I supervise a small staff. Recently one of my employees asked for a day off that I could not approve, since it was one of our busiest days of the year (a pre-departure orientation for over 100 students).
This employee did not like the decision to not approve her requested day. She served her notice to HR, telling them I had gone back on my word over this day off after originally saying yes. I had never said yes, and the pre-departure orientation had been on her calendar since the beginning of the semester. She also told HR that I was difficult to work with and this was another factor to her leaving.
Is there a different way I should have handled this situation? How should I move forward in my communications with the HR department without it turning into a "she said, she said" situation and still protecting myself?
Frustrated in the Four Corners
Dear Frustrated in the Four Corners,
This is definitely a frustrating situation; hopefully you can view it as a learning experience. Regarding the HR department, demonstrate that you are open to feedback and welcome any additional comments that might have been reported, or not. Additionally, many HR departments have learning and development programs that you may benefit from. Consider inquiring about bringing the program to your office, such as work-style assessments and how that provides insights into your work style and your team.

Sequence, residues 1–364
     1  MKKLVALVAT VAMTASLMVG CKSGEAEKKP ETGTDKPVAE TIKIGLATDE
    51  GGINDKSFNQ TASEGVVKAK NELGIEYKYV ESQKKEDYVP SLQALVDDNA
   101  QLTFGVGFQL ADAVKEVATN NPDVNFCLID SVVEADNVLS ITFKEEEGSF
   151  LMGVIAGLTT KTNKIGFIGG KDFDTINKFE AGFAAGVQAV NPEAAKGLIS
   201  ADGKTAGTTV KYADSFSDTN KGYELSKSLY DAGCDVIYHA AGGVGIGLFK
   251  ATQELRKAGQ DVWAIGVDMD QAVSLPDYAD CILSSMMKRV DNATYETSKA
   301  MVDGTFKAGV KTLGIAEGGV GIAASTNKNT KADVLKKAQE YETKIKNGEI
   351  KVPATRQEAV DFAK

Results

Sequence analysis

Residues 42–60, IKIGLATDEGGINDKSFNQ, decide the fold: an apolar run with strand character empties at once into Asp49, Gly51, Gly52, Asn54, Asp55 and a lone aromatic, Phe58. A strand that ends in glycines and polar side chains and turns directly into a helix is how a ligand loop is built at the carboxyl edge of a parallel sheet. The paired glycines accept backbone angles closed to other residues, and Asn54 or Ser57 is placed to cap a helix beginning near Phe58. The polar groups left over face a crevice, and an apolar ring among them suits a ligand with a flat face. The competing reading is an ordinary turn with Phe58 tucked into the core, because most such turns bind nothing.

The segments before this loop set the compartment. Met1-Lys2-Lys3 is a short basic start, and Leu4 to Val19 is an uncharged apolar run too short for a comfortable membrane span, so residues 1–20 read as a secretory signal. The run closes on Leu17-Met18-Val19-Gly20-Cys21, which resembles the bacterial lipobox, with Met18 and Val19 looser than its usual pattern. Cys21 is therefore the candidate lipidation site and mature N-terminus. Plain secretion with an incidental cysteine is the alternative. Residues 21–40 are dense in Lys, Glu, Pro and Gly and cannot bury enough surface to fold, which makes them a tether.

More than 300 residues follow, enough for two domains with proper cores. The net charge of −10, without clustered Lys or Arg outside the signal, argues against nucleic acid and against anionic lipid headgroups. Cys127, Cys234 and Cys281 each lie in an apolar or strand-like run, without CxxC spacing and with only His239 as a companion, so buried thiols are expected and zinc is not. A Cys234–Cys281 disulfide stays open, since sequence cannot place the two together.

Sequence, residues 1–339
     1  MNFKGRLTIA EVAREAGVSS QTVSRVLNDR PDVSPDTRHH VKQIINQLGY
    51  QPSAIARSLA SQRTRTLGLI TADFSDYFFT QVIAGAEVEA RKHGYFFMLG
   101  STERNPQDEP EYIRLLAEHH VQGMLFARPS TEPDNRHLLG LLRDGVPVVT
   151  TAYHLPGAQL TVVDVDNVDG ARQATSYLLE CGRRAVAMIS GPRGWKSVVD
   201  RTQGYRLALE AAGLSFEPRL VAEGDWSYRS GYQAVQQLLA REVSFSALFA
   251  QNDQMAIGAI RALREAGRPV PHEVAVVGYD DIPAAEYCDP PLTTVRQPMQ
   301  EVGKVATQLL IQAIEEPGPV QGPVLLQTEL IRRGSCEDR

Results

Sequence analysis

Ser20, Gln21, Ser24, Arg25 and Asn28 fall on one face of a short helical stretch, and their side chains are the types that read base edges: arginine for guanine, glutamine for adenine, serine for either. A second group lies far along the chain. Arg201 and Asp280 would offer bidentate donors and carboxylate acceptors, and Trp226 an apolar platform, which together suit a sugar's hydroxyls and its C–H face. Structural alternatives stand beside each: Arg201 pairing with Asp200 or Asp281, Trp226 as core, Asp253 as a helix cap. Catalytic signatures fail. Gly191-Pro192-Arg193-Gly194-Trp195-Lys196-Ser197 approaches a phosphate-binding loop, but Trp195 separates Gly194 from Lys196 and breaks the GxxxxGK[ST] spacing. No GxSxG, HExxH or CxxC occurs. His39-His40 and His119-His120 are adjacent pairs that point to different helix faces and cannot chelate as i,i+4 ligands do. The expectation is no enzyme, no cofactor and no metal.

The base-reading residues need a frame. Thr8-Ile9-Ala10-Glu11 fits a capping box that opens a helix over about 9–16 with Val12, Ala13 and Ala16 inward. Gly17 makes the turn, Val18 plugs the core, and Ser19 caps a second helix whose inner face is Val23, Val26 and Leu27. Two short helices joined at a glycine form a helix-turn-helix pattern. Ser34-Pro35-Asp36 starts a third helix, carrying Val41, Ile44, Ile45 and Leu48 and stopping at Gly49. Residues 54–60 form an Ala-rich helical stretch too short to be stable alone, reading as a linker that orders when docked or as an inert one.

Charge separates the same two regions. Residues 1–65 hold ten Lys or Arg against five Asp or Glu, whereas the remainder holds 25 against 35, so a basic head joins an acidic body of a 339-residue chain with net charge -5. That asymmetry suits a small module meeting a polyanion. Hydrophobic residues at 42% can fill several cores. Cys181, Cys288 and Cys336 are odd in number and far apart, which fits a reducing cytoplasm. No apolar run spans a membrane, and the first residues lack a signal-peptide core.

Consider a new system that provides clear, explicit guidelines about vacation ‘black-out’ dates. Meet with your staff and discuss office priorities together so that everyone is on the same page. Something that might seem obvious to you (not taking time off on the busiest day of the year), as an experienced professional, may not be as clear to a young individual at the start of their career. Perhaps it is worth including such messaging during the on-boarding of new staff for the future.